Two cited series of prolonged QT interval and/or torsades tachycardia cases (Krantz and Pearson) show a minority of patients treated under addiction program protocols (and in whom there was only one single death). Krantz�s series had an average dose of about four times the usual mean dose in dependency treatment (397mg daily � and none died). Ellen Pearson�s series of 59 FDA reports nationally included only 14 likely dependency patients of whom only one died (a patient on a sub-therapeutic dose of 29mg daily). Ehret�s series was a retrospective study and patients took an average of 4 additional drugs (range 0-14).

Other citations given are single case reports and/or do not involve methadone maintenance patients but are patients with a variety of serious medical conditions for which methadone was used for pain management or else were overdose cases. There are only a few isolated torsades reports in dependency cases over the last 40 years and unexplained sudden death is either unreported or else exceedingly rare. It is certainly not a major public health issue as claimed by Krantz.

In order to be quite certain about all this, having been in New York for several weeks recently I met up with numerous doctors involved in methadone treatment of tens of thousands of patients over a long period. Not one of these could cite a single case of an addiction patient developing torsades in their experience. This is indirect proof to my mind that an easily diagnosed condition (torsades tachycardia) with a mortality of about 15% is no public health problem but a clinical rarity.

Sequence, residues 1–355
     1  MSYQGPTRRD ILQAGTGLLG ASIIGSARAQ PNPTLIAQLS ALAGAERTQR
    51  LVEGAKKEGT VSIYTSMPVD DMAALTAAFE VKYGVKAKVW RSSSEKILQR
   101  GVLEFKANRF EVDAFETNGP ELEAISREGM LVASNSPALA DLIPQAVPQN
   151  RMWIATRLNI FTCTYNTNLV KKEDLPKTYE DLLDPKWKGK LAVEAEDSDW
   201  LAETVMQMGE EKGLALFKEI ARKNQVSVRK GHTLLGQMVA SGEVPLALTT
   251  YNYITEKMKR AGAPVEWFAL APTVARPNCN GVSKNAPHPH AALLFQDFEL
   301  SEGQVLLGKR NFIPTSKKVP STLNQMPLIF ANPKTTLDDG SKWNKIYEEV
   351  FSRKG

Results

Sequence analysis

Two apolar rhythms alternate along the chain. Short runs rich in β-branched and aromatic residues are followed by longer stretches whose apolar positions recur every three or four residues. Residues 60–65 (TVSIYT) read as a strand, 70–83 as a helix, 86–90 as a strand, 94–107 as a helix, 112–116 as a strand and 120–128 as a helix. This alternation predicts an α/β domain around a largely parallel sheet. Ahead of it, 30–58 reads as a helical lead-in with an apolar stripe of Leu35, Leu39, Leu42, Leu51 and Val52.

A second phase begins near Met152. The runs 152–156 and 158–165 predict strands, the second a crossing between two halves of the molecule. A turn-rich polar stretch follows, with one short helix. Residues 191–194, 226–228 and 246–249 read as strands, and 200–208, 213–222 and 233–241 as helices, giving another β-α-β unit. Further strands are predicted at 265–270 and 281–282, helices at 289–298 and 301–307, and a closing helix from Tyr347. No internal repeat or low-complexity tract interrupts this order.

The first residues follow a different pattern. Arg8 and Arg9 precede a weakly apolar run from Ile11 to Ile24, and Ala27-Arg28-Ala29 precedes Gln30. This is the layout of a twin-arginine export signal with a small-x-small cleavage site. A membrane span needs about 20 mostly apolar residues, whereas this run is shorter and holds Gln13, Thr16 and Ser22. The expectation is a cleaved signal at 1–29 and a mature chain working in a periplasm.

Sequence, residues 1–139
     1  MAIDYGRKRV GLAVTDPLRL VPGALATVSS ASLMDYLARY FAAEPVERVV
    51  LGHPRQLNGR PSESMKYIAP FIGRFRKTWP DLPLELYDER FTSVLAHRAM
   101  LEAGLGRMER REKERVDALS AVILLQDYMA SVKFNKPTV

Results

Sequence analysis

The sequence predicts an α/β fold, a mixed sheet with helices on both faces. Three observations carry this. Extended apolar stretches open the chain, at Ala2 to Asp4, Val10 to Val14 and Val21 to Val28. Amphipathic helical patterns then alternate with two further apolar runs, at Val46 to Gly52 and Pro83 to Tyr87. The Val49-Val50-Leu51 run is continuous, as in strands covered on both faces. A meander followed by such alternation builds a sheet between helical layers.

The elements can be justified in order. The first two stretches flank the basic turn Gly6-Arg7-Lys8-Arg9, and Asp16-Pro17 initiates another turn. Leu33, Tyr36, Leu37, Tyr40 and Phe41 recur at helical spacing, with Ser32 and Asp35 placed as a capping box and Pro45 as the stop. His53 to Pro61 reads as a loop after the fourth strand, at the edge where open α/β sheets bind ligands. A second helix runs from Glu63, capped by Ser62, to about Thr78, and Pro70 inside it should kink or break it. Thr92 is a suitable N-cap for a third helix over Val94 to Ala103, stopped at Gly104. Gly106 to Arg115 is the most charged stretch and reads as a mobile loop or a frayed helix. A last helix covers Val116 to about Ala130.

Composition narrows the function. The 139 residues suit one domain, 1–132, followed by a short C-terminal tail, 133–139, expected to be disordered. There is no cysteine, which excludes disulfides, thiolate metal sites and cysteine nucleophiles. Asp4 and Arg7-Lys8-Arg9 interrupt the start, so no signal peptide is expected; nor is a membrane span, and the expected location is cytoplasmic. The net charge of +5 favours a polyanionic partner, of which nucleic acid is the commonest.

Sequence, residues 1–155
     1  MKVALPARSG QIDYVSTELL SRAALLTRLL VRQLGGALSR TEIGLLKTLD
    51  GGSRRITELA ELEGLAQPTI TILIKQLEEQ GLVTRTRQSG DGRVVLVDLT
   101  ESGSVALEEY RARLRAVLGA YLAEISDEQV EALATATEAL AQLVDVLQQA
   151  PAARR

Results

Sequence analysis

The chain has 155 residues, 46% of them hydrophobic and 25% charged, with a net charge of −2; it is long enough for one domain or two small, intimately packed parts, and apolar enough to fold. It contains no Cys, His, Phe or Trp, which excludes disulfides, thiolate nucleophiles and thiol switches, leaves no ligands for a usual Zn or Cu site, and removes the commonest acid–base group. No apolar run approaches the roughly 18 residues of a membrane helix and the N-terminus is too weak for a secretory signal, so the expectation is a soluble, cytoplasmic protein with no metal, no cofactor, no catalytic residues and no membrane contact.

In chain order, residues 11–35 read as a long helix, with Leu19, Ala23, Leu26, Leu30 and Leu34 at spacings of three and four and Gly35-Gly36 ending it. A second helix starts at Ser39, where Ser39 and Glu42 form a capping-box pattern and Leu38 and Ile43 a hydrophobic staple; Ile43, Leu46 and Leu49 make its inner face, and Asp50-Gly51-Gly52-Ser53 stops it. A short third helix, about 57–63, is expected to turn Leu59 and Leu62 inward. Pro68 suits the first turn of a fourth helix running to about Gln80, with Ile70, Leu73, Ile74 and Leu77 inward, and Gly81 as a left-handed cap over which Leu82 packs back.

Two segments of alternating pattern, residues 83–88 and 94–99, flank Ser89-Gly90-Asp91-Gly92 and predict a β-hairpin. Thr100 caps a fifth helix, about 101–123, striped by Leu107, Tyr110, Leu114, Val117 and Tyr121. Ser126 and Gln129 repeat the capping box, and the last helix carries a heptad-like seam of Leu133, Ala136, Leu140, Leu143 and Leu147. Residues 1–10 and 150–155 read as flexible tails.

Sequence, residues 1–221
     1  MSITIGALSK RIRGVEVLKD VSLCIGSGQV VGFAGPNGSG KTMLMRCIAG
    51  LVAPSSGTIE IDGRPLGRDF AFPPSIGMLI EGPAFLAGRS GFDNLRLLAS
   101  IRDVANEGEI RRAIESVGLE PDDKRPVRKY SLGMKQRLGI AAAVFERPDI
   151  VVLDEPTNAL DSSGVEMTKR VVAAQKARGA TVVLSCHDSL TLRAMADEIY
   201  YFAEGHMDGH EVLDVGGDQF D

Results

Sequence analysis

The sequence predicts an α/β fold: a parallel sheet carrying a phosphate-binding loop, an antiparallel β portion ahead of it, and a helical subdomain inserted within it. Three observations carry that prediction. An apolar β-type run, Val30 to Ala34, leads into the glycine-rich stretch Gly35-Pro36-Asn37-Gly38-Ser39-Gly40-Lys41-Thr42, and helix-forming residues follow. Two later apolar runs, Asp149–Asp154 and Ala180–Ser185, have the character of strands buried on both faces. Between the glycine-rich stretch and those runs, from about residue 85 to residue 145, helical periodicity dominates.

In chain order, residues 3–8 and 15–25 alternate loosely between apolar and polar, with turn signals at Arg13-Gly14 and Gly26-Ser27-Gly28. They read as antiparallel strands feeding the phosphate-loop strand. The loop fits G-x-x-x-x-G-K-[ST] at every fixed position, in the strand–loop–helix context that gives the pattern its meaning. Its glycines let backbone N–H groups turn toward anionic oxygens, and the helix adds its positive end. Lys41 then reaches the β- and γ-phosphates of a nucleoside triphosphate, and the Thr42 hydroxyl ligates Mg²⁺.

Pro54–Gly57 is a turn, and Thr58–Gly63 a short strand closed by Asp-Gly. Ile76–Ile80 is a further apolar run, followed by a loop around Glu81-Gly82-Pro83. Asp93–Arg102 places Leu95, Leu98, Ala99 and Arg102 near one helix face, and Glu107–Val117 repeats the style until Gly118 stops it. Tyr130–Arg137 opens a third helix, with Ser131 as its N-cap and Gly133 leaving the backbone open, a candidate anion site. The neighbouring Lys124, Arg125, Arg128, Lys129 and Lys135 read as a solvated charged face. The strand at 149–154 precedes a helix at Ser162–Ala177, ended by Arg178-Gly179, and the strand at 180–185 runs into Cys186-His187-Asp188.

Colorado cardiologist Dr Mori Krantz wrote the seminal paper of this subject and while he writes candidly of the various proven benefits of traditional methadone treatment, his clear implication is to avoid methadone treatment if possible and beware of high doses when it is the chosen treatment. Yet most addiction guidelines advise higher dose methadone for better outcomes, with the usual safeguards. Also, most authorities recommend methadone in pregnancy and in those with the most severe dependency and/or co-existing mental illness. Yet Krantz has still not provided a series of detailed individual case studies of this syndrome occurring in regular addiction treatment subjects. And this is despite giving advice about how we should treat such cases.

It is intriguing that Krantz took funding for a large survey of methadone clinic staff awareness, despite the lack of evidence (including his own) of it being a significant problem in such patients when compared to pain management cases. If torsades tachycardia is indeed associated with methadone, it does not appear to occur to any measurable extent in methadone maintenance patients. Most cases have been taking high doses (>300mg daily) and/or were taking multiple drugs with serious medical or metabolic problems. Recent alarming upsurges of methadone-related deaths in America do not involve clinic populations but seem to be associated with the increased popularity of the drug as an analgesic used by doctors and patients who may be unfamiliar with its very long half-life and consequent overdose potential.

Comments by Andrew Byrne ..

Lancet letters: http://www.redfernclinic.com/c/2007/02/methadone-and-qtc-prolongation-letter.php4


Krantz MJ, Lewkowiez L, Hays H, Woodroffe MA, D. Robertson AD, Mehler PS. Torsade de Pointes Associated with Very-High-Dose Methadone. Ann Intern Med. (2002) 137:501-504

Pearson EC, Woosley RL. QT prolongation and torsades de pointes among methadone users: reports to the FDA spontaneous reporting system. Pharmcoepidemiol Drug Saf. 2005 14;11:747-753

Gr�nbladh L, �hlund LS, Gunne LM. Mortality in heroin addiction: impact of methadone treatment. Acta Psychiatr Scand (1990) 82:223-227